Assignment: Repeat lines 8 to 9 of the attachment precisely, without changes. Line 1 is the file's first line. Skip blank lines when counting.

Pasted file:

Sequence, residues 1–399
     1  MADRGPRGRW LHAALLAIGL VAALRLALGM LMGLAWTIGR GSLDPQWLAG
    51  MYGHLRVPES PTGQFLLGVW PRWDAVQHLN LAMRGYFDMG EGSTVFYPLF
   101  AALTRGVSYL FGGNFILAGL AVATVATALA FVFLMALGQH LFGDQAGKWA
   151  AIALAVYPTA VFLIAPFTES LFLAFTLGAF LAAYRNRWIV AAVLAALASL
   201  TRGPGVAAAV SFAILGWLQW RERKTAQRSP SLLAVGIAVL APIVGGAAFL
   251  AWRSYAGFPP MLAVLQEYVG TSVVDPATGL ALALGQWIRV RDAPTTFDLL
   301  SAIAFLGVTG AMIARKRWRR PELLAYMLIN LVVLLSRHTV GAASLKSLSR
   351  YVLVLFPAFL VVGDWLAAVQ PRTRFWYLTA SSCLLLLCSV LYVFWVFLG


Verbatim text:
   301  SAIAFLGVTG AMIARKRWRR PELLAYMLIN LVVLLSRHTV GAASLKSLSR
   351  YVLVLFPAFL VVGDWLAAVQ PRTRFWYLTA SSCLLLLCSV LYVFWVFLG